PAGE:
By Dusty Sonnenberg, CCA, Ohio Field Leader: a project of the Ohio Soybean Council and soybean checkoff.
When the National Drought Mitigation Center constructed the latest U.S. Drought Monitor on March 16th, much of the northern half of Ohio was considered D0 “Abnormally Dry”, with a portion of extreme Northwest Ohio being classified as a D1 “Moderate Drought”. The U.S. Drought Monitor is produced through a partnership between the National Drought Mitigation Center at the University of Nebraska-Lincoln, the United States Department of Agriculture, and the National Oceanic and Atmospheric Administration. The Drought Monitor summary map identifies general areas of drought and labels them by intensity. D1 is the least intense level and D4 the most intense. Drought is defined as a moisture deficit bad enough to have social, environmental or economic effects. D0 areas are not in drought, but are experiencing abnormally dry conditions that could turn into drought or are recovering from drought but are not yet back to normal.
When trying to better understand drought, there are a number of factors to must be considered. Precipitation and drought are not the same thing. “Precipitation is not subjective, it is objective. Drought is very subjective,” said Dr. Aaron Wilson, Research Scientist, Byrd Polar and Climate Research Center. “The US Drought Monitor takes in a “convergence of evidence”. That means it factors in a lot of different pieces of evidence based on the time of the year, such as evaporation, precipitation, and weighs it objectively and subjectively to see how they line-up.”
A drought is subjective. “One reason it is subjective is because of the time of the year,” said Wilson. “The drought classification levels change slowly in the winter because it is cooler without as much evaporation and not having growing crops using water. Once the weather warms up in the spring, a smaller deficit in the precipitation can increase the advancement in drought classification. There is not an objective cut-off that a certain percentile of precipitation will mean that a drought classification category is moved. It is very subjective, and all factors are taken into consideration.”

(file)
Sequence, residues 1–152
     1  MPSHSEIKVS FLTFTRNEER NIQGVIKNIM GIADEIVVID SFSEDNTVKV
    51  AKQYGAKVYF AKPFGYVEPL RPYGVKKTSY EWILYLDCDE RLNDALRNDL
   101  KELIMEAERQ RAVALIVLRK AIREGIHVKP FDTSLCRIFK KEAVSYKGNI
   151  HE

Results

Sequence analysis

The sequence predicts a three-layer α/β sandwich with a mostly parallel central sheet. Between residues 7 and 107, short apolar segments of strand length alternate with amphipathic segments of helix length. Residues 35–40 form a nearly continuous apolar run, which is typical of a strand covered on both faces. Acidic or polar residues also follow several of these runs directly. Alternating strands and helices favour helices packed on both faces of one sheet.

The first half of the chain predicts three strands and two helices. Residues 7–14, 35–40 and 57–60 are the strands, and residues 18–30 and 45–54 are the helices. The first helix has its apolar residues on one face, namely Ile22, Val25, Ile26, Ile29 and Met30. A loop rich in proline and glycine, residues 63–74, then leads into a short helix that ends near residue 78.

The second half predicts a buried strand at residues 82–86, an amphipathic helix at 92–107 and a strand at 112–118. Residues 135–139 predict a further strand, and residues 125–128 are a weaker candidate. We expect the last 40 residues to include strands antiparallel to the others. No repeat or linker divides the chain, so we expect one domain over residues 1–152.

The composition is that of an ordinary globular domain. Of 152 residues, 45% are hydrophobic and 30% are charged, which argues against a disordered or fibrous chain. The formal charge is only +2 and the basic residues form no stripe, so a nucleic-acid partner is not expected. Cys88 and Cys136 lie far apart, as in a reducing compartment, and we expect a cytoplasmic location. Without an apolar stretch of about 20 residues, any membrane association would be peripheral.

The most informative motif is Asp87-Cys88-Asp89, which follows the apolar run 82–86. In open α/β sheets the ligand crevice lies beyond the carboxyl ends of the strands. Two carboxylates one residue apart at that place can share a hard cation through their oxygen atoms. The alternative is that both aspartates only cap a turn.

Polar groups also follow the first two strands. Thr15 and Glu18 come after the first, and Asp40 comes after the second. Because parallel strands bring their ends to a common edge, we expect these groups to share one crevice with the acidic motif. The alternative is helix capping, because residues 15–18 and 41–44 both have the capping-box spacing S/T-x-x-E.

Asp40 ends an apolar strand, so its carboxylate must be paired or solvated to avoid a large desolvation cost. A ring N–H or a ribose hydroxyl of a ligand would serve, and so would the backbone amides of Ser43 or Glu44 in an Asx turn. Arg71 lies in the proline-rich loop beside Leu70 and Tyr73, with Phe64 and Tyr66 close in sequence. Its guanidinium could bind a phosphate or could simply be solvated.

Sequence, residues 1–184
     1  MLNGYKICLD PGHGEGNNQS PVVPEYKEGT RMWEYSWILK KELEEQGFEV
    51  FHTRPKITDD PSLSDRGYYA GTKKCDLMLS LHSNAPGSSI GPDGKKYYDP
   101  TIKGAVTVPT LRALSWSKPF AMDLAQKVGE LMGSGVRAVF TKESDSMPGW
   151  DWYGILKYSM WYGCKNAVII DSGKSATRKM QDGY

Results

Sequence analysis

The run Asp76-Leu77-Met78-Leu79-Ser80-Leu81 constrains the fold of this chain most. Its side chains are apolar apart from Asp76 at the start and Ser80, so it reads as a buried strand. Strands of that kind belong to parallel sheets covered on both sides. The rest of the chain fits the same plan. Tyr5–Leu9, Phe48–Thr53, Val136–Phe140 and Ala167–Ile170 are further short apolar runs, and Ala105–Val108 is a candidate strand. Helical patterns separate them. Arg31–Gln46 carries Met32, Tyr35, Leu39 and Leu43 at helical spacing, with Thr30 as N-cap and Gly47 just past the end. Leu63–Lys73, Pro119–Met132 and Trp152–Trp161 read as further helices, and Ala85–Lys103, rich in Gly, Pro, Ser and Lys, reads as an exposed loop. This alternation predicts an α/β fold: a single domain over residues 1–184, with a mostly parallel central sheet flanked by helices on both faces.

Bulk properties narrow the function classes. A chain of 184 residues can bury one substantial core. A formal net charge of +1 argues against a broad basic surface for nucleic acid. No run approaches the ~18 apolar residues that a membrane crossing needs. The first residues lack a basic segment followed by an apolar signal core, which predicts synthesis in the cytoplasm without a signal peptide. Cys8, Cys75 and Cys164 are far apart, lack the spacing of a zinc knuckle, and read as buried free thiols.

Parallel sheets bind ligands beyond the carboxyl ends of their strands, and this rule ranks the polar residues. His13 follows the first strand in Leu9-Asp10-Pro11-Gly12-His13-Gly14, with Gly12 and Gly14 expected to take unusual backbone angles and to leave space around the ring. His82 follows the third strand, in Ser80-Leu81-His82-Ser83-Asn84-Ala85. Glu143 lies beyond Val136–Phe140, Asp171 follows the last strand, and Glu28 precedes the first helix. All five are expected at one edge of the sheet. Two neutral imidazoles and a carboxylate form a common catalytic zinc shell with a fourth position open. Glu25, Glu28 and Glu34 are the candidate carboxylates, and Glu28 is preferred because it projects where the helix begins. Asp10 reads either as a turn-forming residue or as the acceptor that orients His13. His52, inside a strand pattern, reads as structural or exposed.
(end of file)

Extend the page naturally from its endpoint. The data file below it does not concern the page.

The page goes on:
There are a number of different types of drought. “There is always the question: If you don’t see the impacts of drought, is there actually a drought?” said Wilson. “There are a lot of ways to define a drought. It is very important from a monitoring standpoint to understand what the impacts are. Agriculture is on the front line of those impacts, and we see drought impacts in agriculture pretty much before they are seen anywhere else. There is no clear line in terms of the precipitation amount. It is just a matter of how the evidence is coming together based on the time of the year and what the water usage is.”
Looking ahead to the end of March and into the spring, there are a number of indicators to consider. Wilson expects an elevated probability of precipitation, and also above average temperatures. “One thing that has changed is that we are now in what is considered E.C. That is equal chances of seeing above, below, or average precipitation,” said Wilson. “While that may not seem important, it tells that there are not any strong signals that say it will be wetter or dryer than average.”
Looking ahead to the long-range outlook for April, May and June, the indicators are for wetter than average and warmer than average. “There is a pretty elevated probability of wetter than average conditions for April, May and June. There will definitely be windows of opportunity to get the crops planted this spring,” said Wilson. “I am cautions because of our current status. If we head into June with these dry soil moisture levels, then there is the potential for the drought that is to the west to expand into Ohio this summer.”